Thomas A. Steitz

Thomas A Steitz , CT Medal of Science
Thomas A. Steitz 2013 CT Medal of Science
Professor  Thomas Steitz  of  Yale  University  shakes  hands  with  Governor  Dannel   the  mechanisms  by  which  P.  Malloy  after  receiving  the  2013 Connecticut  Medal  of  Science  at  the  38th  the  proteins  and  nucleic  Annual  Meeting  and  Dinner  of  the  Connecticut  Academy of Science  and  acids  involved  in  the  Engineering.  Steitz  was  honored  for  his  Nobel-­‐winning  work  on  the  structure  central dogma  of  and  function  of  the  ribosome,  the  protein  making  factory  that  is  key  to  the  molecular  biology  carry  function  of  all life.    (Photo:  Frank  Labanca).

Curiosity is at the heart of all scientists, believes Professor Thomas A. Steitz. He recalls always wondering about what gives substances color and later, while a student at Lawrence College in Appleton, Wisconsin, he learned about the structure of molecules that produce color. Over the years, Professor Steitz’s curiosity led him to “want to understand how the structures of biological macromolecules can explain how they work,” opening the door to our current understanding of the mechanisms by which the proteins and nucleic acids involved in the central dogma of molecular biology carry  out  gene  expression, from replication and recombination of the DNA genome, to its transcription into mRNA, followed by the translation of mRNA into protein. Most recently, Professor Steitz’s work on the ribosome has led to the development of new classes of antibiotics to treat multiple-­‐drug resistant bacterial infections. Steitz, Sterling Professor of Molecular Biophysics and Biochemistry at Yale, is widely published and has earned numerous awards and recognitions including the 2009 Nobel Prize in Chemistry which he shared with Venkatraman Ramakrishnan and Ada Yonath. In 2001 Professor Steitz and his colleagues founded Rib-­‐X Pharmaceuticals, a company developing antibiotics to treat tuberculosis, methicillin-­‐resistant Staphylococcus,  and Escherichia coli. In 2013, Thomas A. Steitz is honored with the Connecticut Medal of Science.

Thomas Steitz was born in Milwaukee, Wisconsin, in 1940. His father was the head of personnel at the Milwaukee County Hospital while his mother stayed home to raise Thomas and his two younger brothers and two younger sisters. In junior high school, he became a serious saxophone player and even considered majoring in music; however, at Lawrence College, the influence of Professor Rober Rosenberg changed the course of events, helping Tom “understand the world around him because he introduced to us the concepts of atomic orbitals and bonding and how studying chemistry at the physical chemical atomic level allowed us to understand  the properties of chemicals.” Tom continued his education at Harvard University where, in 1966, he earned his PhD in biochemistry and molecular biology. After Harvard, he traveled to Cambridge, England, and worked in the Cambridge Laboratory of Molecular Biology (LMB), annually attending a week-­long meeting known as “Crick week” because “Francis [Crick] would sit in the front row and frequently ask many questions.” In 1970, Frederic Richards from Yale visited the LMB, and Tom asked if there might be a spot for him at Yale. There was. At Yale, Professor Steitz teamed with other faculty to form the Yale Center for Structural Biology, where his efforts focused on the study of the ribosome, “the major target of antibiotics.” Professor Steitz explains that the ribosomes are the binding site for 50% of the antibiotics used world-wide; however, because ribosomes mutate, a mutant ribosome can become resistant to antibiotics, requiring researchers to continuously develop new antibiotics. Professor Steitz is quick to point out that all the “intelligent design” that researchers produce cannot compete with the “evolution of bacteria.”  Fortunately, ribosome research “allows us to have more information to enable the design of antibiotics.” Professor Steitz is gravely concerned about the misuse of antibiotics and the potential worldwide catastrophe of drug-resistant bacteria.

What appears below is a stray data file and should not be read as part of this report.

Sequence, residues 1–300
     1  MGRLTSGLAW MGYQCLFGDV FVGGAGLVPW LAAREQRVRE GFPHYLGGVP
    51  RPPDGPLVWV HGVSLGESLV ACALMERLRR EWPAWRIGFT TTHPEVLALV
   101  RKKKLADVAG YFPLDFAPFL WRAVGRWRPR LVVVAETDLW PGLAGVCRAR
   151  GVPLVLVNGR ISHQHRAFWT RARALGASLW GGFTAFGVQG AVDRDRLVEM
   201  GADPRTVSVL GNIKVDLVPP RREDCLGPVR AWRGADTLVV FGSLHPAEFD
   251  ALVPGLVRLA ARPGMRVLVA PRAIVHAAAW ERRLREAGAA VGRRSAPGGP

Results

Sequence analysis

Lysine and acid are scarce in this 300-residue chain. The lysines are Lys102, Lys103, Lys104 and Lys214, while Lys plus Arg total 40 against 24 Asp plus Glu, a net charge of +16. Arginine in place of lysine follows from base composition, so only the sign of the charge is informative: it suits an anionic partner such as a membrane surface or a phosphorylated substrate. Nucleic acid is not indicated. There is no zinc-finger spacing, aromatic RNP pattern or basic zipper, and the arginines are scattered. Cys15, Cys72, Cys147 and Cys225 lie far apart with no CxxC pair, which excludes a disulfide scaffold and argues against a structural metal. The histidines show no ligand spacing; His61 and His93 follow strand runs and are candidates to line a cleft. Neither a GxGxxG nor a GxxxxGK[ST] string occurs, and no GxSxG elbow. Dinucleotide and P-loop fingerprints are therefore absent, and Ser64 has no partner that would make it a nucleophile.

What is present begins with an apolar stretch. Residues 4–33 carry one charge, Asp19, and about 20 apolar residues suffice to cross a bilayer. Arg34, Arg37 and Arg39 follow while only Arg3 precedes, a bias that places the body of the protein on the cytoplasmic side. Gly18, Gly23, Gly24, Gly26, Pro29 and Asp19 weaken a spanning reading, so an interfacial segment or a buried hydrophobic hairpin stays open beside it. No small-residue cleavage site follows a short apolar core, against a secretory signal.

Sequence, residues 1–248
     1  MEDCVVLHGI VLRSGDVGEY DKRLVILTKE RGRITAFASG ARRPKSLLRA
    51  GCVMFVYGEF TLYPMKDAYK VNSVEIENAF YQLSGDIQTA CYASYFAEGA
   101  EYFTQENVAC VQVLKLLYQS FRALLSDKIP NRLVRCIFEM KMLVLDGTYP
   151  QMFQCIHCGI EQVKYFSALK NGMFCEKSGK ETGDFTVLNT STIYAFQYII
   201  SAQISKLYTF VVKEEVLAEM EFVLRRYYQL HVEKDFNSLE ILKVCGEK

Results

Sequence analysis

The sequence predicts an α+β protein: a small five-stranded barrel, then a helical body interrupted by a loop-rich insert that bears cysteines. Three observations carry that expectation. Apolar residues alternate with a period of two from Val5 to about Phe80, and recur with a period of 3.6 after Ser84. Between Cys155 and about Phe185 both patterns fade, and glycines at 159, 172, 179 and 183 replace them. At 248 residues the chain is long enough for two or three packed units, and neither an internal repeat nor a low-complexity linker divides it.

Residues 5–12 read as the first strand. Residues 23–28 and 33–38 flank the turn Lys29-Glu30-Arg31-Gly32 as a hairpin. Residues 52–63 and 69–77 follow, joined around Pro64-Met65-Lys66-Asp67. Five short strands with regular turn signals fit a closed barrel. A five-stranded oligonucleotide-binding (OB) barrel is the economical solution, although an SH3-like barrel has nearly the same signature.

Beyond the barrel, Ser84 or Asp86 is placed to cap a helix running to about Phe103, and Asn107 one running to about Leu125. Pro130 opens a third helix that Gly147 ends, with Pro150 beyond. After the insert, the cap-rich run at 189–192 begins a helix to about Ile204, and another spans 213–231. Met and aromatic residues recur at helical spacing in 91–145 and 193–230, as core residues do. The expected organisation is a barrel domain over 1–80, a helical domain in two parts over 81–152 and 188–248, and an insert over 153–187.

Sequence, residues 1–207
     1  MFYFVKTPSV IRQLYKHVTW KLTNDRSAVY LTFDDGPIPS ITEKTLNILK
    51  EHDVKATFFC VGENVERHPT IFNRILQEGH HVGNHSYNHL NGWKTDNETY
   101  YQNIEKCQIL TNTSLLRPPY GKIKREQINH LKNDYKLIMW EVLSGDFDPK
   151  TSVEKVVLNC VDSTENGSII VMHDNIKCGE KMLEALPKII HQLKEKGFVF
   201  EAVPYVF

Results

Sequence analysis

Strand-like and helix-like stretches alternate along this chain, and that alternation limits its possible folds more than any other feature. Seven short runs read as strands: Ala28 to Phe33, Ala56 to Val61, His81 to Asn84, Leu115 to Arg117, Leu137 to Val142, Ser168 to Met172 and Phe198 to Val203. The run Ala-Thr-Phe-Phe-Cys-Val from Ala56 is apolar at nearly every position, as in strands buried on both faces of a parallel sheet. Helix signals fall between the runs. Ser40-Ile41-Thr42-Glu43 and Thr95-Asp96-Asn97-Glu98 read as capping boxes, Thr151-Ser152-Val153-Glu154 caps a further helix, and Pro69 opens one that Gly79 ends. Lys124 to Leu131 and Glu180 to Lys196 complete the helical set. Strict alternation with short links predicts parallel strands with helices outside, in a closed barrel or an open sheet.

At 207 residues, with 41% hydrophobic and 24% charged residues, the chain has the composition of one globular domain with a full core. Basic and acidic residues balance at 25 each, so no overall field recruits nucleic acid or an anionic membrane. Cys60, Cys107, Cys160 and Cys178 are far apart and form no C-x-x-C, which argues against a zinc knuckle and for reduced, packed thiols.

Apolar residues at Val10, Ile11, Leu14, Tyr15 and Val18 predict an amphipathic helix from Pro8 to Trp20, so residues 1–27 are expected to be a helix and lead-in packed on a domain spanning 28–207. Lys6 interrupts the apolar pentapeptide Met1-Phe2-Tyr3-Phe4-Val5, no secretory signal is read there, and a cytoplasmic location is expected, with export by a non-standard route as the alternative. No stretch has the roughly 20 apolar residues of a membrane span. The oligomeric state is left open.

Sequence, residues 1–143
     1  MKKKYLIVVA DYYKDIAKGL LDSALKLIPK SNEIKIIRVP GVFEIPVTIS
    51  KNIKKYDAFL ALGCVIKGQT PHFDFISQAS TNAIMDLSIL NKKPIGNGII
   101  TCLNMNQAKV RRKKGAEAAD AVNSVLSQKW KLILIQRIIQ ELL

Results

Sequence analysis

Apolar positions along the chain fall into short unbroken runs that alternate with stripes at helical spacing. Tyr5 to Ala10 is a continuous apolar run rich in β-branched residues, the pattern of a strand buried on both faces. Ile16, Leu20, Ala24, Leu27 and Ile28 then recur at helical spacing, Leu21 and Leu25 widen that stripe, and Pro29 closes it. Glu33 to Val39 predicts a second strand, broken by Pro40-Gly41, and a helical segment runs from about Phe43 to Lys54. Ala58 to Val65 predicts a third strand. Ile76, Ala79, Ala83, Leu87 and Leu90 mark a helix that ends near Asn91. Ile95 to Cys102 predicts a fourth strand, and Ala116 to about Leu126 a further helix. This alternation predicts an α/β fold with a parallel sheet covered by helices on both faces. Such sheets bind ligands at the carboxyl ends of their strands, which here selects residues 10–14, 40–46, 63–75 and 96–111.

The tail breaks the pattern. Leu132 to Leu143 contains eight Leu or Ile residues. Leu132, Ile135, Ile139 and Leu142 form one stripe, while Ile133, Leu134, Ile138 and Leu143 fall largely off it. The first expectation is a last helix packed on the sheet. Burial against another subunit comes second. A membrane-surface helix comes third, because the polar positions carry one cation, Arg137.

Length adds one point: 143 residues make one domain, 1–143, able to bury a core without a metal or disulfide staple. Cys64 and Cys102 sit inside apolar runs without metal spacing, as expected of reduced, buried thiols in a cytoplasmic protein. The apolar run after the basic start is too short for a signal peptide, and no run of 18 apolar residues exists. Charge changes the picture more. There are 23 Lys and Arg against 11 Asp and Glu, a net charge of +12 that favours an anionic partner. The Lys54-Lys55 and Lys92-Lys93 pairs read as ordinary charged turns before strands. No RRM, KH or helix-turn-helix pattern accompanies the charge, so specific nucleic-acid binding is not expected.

Professor Steitz reflects that each of us wants to be remembered for doing good things and for being a good person. “I’ve had a lot of people in my lab who have gone on to do good things, and I hope they are happy for having been in my lab.” In particular, he would like to be remembered for the same qualities as Frederic Richards, the 1995 Connecticut Medal of Science Award, whom he sees as his hero. Fred Richards was “just an exemplary scientist, person and leader and we loved to follow him. I would like to be a Fred Richards who had the insight and wisdom to hire and cultivate other scientists.”